- “Trust” the salesperson – If you can’t establish great personal rapport with your prospect, you will never make the sale.
- “The prospect must trust and connect with the company” – Aim to establish great compatibility and affinity between the prospect and your organization.
“We can be proactive when it comes to choosing our emotional state, as opposed to reactive, which is what most human beings have been conditioned to think is our only choice.”
Without these factors, you can’t sell. If you make the three elements line up in the prospect’s mind, you have an excellent opportunity to make a sale.
Think of these as the “three 10s.” Potential buyers who feel “absolute certainty” about some aspect of your proposition are at a 10. In contrast, if your prospects feel “absolute uncertainty,” then they are at a one.
“When it comes time to ask for the order…the closer you’ve gotten your prospect[s] to a 10, the better chance you have of closing them.”
Look for two types of certainty: “Logical certainty” depends on the words you say, and “emotional certainty” depends on gut feelings. Your goal as a salesperson is to move prospects along the “continuum of certainty,” from absolute uncertainty to absolute certainty.
“Be actively building rapport throughout the entire sale, 100% of the time, without ever letting your guard down.”
The “Action Threshold”
Besides the three 10s, the Straight Line System requires you to lower the action threshold, so that the prospect becomes ready to act. You must also “raise the pain threshold,” so that your potential buyers need to buy your offering to alleviate some discomfort.
“You are capable of becoming proficient at anything you put your mind to.”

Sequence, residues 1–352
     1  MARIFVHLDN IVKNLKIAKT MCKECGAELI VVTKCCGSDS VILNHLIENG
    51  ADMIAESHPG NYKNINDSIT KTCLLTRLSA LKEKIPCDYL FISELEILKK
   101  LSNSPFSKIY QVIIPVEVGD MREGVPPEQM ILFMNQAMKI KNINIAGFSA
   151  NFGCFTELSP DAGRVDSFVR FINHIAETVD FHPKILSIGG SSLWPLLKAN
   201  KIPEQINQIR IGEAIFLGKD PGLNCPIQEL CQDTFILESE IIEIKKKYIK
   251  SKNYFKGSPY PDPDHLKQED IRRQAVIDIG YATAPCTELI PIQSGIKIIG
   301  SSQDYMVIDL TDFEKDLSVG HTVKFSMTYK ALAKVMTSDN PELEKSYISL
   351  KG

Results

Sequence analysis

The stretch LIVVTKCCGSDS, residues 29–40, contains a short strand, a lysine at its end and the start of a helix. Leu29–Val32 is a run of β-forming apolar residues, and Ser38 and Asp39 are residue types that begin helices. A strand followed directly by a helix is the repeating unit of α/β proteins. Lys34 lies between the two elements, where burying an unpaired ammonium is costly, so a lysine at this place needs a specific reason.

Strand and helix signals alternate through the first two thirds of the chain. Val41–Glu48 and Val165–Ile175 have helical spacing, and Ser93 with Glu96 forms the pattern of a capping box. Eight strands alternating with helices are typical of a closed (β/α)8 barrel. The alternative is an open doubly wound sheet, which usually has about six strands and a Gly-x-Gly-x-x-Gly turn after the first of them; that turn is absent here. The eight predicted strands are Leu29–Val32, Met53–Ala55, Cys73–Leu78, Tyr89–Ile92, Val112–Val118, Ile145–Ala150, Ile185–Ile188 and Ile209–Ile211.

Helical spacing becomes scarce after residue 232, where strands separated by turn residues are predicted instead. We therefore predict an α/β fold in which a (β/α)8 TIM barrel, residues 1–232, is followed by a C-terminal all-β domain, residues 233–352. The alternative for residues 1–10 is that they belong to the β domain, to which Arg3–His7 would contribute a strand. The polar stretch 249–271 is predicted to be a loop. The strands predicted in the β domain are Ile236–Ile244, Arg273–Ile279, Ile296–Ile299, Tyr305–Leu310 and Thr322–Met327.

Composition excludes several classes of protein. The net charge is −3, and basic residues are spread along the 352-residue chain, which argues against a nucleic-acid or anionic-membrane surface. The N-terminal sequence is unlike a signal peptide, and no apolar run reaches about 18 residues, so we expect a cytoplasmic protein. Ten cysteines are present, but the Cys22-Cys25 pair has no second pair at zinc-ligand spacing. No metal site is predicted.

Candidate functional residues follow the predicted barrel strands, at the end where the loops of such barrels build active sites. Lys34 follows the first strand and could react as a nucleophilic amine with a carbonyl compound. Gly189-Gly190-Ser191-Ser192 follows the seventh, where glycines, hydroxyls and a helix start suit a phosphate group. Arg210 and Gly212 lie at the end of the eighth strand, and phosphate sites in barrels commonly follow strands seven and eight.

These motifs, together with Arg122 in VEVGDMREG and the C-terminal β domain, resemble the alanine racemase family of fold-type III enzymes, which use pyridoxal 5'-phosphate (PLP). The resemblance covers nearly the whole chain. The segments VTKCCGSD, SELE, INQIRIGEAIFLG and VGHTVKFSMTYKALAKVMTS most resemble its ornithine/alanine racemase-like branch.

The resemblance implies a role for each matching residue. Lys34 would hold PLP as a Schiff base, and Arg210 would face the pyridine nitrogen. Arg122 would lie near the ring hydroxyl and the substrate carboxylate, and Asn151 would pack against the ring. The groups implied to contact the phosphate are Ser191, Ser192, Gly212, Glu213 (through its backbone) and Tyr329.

For example, you can dial up the pain by asking your prospects to imagine what will happen if they don’t act now to fix their problem.
Closing a sale depends on the quality and content of your communications. Your responsibility as a salesperson is to plan and manage communications to provide the best opportunity – a Straight Line – to sell to your prospects.
Straight Line Selling Principles
Mastering four facets of a transaction will help you use the system more effectively:
- “The first four seconds” – People make virtually instantaneous decisions about the people they meet. You get only four seconds to make a positive connection with a prospect over the phone or in person. In that brief time, you must communicate that you are “sharp as a tack” and can solve all problems, that you are “enthusiastic as hell,” and that you are “an expert in your field” – competent, knowledgeable and professional. Behave as if you possess all these qualities.
- “Tonality and body language” – Your voice and how you speak are crucial to success with prospects over the phone. Sound is equally important in face-to-face meetings, as is your body language. Your tone should be caring, sincere and empathetic. Effective body language includes appropriate facial expressions, a smile and your posture matching that of your potential buyer. The language you use carries great weight and works with your tone and body movements. Your words sway your prospect’s conscious mind by making a “logical case.” Your tone and body language affect your prospect’s subconscious mind and make your “emotional case.”
- “State management” – Use “future pacing” as a visualization technique to charge up your state of mind. Imagine a movie showing that you’ve attained a goal and are actively benefiting from it. When you engage in positive visualization, you experience a wonderful feeling, similar to how you’ll feel when you achieve a desired objective.